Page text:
I'll buy it. It can't be more than 10 Euros. We'll leave it with our hosts. Maybe it'll be here when we come back in the future. And if not, we'll surely use it this time.

Neither of us likes to spend long hours out in the sun. I get plenty brown from being outdoors so much, I don't need more sun exposure and Ed positively dislikes being far from shade.

To Ed's surprise (and actually to mine as well), the Carrefour has plenty of beach umbrellas. We pick up a large one for 8 Euros -- one that does fancy tricks of bending this way and that. It is the smartest purchase we've made here and still, I think that it solidified in Ed the uneasy feeling that I think he carries in his pocket here -- that he has become a staid person. The type that lugs a beach umbrella and sunscreen and who splashes in the water some and then calls it a day. These kinds of images I'm sure send him dreaming about the day he will again sail from Maine to Cuba on his own (he did that some decades back). I have given him a taste of the tame life. That, more than old age causes him to squirm.

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  a boy, fishing

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looking for the perfect spot to settle in

But, as I said, the umbrella is indeed a godsend, even as the wind is brisk and we worry that it would break the stokes before we have a day's use.

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It doesn't break. It holds steady as we spread under it's glorious awning and it continues to hold steady when we put out our picnic lunch...

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... and it stays strong and steady as we take our plunges into the sea (Ed only once, me -- three separate plunges and for long stretches each time. Where else can I play without thought to the silliness of it all? For instance, ever try doing a cossack dance under water? Or a yoga downdog as the waves splash against your ankles?)

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A La Franqui day ends for us with a quick ice cream and an espresso for me at a cafe. It's a way to sweeten the departure. And to not think about how rare playfulness enters into our lives in the everyday.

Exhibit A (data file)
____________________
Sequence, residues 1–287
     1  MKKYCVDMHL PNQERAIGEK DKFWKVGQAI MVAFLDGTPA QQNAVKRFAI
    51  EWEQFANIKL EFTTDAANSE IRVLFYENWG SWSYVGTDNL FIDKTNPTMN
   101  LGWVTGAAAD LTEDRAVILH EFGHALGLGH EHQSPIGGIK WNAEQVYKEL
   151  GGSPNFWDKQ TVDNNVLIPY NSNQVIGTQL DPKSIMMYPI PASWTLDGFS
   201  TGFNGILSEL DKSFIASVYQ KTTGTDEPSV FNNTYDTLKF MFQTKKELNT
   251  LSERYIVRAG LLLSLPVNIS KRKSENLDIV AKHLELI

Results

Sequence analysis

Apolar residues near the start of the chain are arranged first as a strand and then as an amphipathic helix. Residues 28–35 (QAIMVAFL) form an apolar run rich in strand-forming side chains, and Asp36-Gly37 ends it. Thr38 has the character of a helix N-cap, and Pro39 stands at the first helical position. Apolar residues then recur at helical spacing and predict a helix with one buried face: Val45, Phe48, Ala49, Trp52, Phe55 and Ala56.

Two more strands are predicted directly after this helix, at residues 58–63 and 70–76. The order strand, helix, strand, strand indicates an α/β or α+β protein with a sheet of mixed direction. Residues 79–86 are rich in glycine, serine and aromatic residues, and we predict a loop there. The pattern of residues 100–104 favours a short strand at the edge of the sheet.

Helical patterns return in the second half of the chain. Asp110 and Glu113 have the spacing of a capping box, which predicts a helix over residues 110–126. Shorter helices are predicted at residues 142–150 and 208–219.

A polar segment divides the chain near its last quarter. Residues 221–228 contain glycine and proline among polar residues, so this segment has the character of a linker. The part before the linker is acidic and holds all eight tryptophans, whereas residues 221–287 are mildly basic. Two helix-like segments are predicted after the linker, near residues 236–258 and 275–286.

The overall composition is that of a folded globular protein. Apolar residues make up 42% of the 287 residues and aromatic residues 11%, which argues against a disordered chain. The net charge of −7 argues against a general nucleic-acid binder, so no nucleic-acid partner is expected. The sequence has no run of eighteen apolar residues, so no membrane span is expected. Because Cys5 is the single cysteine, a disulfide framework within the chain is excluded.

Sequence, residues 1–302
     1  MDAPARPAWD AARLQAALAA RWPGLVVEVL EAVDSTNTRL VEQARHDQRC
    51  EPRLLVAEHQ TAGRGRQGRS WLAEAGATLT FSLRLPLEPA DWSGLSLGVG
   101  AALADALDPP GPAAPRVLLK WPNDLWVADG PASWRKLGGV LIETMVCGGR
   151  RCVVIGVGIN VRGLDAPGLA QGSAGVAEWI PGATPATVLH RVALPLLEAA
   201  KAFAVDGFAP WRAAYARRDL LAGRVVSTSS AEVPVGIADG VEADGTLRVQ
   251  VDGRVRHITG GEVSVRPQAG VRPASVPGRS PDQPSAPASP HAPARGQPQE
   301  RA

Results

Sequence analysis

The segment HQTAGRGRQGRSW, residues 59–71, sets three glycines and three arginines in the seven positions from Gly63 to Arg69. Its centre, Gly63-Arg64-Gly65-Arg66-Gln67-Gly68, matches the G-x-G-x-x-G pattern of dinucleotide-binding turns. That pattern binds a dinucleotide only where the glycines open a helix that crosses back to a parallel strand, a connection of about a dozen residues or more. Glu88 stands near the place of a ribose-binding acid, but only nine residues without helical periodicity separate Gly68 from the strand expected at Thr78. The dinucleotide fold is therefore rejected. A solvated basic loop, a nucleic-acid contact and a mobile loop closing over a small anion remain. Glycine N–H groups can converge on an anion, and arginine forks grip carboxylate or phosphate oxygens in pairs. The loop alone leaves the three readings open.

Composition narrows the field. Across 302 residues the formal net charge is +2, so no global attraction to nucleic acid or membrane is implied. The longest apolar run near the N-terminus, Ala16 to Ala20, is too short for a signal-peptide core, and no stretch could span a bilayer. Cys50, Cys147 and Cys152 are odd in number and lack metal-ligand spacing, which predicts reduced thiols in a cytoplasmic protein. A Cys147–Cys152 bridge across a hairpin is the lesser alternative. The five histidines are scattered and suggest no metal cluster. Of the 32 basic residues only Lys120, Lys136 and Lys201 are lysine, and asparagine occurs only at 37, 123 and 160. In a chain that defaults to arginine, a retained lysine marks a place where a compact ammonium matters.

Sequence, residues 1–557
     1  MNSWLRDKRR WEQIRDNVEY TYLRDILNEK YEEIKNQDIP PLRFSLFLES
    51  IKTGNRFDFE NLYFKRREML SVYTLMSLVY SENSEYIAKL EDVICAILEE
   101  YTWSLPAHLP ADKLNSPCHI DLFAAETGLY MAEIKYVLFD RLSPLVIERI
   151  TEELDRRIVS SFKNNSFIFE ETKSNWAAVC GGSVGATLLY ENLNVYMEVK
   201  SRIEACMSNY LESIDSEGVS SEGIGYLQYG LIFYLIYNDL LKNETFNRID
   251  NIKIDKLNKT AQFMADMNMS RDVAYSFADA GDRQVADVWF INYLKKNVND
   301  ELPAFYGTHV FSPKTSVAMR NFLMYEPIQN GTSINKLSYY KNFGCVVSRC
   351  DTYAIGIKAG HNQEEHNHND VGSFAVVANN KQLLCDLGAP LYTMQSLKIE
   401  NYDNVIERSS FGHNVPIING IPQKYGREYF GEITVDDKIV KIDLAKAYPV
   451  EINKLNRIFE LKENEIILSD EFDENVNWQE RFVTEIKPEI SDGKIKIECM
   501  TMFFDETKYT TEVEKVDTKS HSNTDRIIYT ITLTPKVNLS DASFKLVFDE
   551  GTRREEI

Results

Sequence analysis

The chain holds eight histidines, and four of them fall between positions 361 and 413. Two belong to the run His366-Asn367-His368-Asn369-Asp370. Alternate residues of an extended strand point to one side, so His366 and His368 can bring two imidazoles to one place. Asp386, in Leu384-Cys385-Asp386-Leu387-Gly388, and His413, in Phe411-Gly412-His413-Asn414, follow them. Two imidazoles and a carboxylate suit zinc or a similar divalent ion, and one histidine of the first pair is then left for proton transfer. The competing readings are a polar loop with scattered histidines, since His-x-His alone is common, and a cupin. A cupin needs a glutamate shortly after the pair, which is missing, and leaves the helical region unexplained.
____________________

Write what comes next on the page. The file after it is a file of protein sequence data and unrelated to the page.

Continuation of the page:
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The drive home (about an hour away) is on local roads. Past sail boat lessons and apricot orchards...

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... and cherries and vineyards too. We note a fruit farm-stand and we pull over. Are you closed?
Well yes, but you're here and I'm here and if you want something, we can go ahead and get it for you.

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This is how we wind up with the best strawberries we can ever remember tasting (If anyone of you come across this variety in the States -- it's called 'Mara de bois' -- buy it, plant it, eat it! You will not be disappointed.) And quite excellent apricots. And killer cherries. And lemon cookies and a bottle of rose... Mmmm.

So home now. Sorede home. Ed is napping, I'm fixing supper. The usual beans (because they're so good here!), potatoes, a funky leaf salad, eggs. The sun is still going strong at 8:30 when we eat outside.

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I'm sure when the bevy of issues hits me again back home, the real home across the ocean, I'll remember exactly this day. And doing downward dog poses at the edge of the sea.